Meet Walk MS Sioux Falls Ambassador Rachel Jaspring, diagnosed April 2012
My name is Rachel, and I am 19 years old. I love to be active and play with my dog. I live in Chancellor, S.D., and am the second oldest of six kids.
While I was on vacation with my cousin skiing and shopping, my world was turned upside down. It was day three of our trip. I woke up in a dark hotel room and turned on the bathroom light, but my left eye had black spots clouding my vision. I thought it was just from sleeping on that side of my face, so I thought nothing of it. We were to go horseback riding that day, and my vision was still not improving, so I went to my cousin's mom, who is a pediatrician. She suggested pink eye, because it was red from my constant rubbing. By the end of the week, my vision was completely gone in my left eye. Still, I thought nothing of it. I informed my mom, and we promptly made an appointment with our family eye doctor.
After a series of tests, the doctor came back in to tell us the possibilities. I will never forget the look of pity on his face. I also remember thinking I did not want anyone to look at me like that. He said I had optic neuritis, a sign of multiple sclerosis. I only knew one person with MS, and she had to switch from a walker to a wheelchair. I was 15 years old, and I did not want that.
I went to see a pediatric neurologist and spent three days in a hospital for sol-Medrol (IV) infusions every six hours, which thankfully, restored my sight.
I am almost 19 and have since lost sight in my right eye, three months after the first. I have also had shock waves go through my brain to the tips of my toes. A little more recently, my vision has blurred, I lost feeling in my feet, and the nerve pain (which can only be described as burning) is never ending in my legs.
I have learned a lot since my diagnosis. One big thing that I have learned is no matter what, always keep a smile on your face. Being happy and enthusiastic through hard times makes them not so hard and it keeps you going even when you feel like you cannot go anymore. I have also learned that a smile is more contagious than any sickness I have ever gotten. I cannot take all the credit for learning to keep the smiles rolling.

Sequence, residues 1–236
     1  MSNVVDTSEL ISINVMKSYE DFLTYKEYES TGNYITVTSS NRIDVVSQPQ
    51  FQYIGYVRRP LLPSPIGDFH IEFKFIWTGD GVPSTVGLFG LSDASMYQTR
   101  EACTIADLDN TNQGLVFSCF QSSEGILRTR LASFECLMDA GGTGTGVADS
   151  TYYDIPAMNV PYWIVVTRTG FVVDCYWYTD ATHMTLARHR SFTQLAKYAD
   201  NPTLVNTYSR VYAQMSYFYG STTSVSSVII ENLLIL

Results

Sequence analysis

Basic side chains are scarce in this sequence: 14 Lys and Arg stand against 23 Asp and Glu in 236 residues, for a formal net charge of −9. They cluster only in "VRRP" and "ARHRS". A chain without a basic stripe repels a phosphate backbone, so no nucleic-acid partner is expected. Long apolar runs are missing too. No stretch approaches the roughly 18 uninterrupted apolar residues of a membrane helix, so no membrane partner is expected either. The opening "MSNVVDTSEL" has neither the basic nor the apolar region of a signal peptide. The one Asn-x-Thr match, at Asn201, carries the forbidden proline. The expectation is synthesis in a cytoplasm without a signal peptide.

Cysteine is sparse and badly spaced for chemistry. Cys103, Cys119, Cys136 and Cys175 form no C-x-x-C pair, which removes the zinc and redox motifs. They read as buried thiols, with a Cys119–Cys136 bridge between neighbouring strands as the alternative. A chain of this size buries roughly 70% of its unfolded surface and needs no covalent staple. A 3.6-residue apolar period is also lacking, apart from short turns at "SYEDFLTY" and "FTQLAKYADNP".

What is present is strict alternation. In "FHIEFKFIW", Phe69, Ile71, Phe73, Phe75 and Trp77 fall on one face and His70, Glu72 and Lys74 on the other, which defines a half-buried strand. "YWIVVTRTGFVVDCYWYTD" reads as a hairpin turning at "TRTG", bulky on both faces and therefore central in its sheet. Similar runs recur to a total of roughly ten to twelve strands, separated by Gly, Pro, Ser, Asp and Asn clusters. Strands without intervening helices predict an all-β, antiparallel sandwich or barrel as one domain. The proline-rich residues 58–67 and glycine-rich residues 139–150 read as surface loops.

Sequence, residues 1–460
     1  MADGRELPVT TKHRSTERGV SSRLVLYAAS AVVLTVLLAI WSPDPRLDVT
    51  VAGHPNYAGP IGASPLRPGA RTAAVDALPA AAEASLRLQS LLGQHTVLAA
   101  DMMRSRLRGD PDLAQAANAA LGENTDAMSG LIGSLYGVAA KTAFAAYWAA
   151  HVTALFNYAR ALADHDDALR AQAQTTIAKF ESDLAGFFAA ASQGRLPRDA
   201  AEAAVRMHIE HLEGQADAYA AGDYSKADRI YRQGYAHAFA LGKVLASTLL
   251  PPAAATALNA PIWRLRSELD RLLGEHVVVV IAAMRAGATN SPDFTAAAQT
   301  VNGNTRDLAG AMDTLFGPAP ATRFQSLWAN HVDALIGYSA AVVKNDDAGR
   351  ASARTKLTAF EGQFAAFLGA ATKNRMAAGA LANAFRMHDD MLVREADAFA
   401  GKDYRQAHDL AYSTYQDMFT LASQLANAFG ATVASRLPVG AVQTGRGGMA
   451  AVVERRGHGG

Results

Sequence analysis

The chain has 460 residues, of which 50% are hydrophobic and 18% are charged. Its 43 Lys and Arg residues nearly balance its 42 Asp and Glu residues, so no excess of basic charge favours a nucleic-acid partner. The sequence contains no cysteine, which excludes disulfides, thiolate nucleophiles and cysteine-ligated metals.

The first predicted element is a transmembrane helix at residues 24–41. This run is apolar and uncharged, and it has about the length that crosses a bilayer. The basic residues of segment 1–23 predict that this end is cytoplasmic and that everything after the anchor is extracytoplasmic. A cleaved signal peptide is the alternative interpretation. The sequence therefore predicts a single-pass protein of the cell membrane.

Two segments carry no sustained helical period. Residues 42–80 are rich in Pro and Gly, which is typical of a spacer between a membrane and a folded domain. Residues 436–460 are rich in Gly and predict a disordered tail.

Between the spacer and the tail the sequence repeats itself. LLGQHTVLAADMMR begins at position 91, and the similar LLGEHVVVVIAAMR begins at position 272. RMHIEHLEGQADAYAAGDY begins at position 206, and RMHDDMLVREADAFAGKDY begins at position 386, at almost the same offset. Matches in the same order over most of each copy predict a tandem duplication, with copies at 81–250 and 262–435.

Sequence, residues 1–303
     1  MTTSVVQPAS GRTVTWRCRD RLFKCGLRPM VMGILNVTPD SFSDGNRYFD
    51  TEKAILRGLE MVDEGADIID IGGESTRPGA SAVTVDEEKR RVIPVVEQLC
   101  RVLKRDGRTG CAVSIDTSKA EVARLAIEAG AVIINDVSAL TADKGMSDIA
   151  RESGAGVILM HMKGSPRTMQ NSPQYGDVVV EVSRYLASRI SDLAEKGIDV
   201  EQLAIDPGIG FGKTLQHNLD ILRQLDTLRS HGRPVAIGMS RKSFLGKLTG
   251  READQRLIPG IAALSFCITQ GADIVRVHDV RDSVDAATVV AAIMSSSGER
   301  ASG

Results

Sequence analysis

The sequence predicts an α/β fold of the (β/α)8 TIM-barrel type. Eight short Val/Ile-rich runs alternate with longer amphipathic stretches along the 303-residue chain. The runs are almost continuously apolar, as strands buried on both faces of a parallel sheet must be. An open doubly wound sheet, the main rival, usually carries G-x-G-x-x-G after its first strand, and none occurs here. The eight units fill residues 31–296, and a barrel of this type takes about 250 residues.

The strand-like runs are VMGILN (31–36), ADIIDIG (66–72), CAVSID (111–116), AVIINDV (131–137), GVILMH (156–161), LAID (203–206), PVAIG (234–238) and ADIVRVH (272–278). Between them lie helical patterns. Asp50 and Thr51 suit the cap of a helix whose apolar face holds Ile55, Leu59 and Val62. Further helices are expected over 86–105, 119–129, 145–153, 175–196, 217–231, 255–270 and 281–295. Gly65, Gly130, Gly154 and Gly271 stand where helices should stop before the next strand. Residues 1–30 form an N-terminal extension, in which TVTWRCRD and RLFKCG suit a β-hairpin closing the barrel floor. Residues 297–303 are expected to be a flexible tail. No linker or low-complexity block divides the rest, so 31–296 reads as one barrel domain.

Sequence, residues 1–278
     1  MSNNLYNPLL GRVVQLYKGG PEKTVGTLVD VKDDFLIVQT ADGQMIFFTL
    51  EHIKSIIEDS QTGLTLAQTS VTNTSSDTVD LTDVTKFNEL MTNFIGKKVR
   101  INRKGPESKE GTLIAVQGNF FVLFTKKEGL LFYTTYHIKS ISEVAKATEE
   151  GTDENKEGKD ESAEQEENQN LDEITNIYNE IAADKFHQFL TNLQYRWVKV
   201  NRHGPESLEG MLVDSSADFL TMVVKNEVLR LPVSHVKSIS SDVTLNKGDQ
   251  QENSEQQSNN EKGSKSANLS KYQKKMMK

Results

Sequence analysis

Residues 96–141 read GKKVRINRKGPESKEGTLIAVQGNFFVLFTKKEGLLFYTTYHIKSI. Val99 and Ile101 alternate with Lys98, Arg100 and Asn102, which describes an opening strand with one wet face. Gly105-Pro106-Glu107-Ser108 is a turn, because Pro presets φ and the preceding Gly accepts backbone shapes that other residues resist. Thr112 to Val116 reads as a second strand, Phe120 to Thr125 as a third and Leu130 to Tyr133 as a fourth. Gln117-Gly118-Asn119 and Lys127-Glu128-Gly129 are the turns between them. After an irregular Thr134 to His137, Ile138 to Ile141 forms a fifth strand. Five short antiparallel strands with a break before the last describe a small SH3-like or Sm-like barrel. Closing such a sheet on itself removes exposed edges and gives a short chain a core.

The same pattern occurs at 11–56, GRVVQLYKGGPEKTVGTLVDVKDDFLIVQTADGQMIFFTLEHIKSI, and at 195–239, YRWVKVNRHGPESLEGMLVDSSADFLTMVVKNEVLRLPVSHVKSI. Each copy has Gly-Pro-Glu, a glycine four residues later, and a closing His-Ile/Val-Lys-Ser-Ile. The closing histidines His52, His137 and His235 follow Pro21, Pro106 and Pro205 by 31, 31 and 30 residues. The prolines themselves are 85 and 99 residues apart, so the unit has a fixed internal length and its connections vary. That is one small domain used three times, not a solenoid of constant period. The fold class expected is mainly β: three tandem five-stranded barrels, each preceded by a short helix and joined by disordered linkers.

I've discovered a calling in caring for others with MS or similar illnesses. I want to be like the nurses who were there to give me a smile when I did not feel like smiling. I want to be the bright spot in a sick and hurting person’s day. This is my dream, and I am so thankful that I am well enough to achieve this dream.
In what way has MS made the biggest impact on your life?
My MS had made me appreciate life in general. I believe in taking chances while you can. You never know how short your life will be, so live it now!
Why did you decide to participate in Walk MS?
I want people like me to have better options in the future. I want to say that I helped make my life better, and I didn’t just sit and watch others do the work for me.
What’s your favorite thing about Walk MS?
The teamwork of the walk is so great. I love working with others! When I get to be me and share a piece of myself with others, it makes me happy!
What is one thing you wish people could understand about MS?
I know we have heard it all, but though we might look fine, we are not always fine. I would also like more understanding on the fatigue side of things.
What is the most important, meaningful or memorable connection you have made since being diagnosed with MS?
My connection with those who are hurting and sick is the most memorable. I think I have more compassion than I once had. MS humbles you.
What makes you a great walk ambassador?
I have the power to inspire! I want people to know about my disease, so it’s not so hard for other young people with MS. I am not going to hide behind this disease — I’m going to fight and educate!
Rachel may be reached for interviews at firstname.lastname@example.org. To speak with a National MS Society, Upper Midwest Chapter spokesperson, please contact Anna at 612-335-7918 or email@example.com.
Walk MS 2013
Join Rachel and thousands of others by getting involved in Walk MS. To learn more, register or donate, visit myMSwalk.org.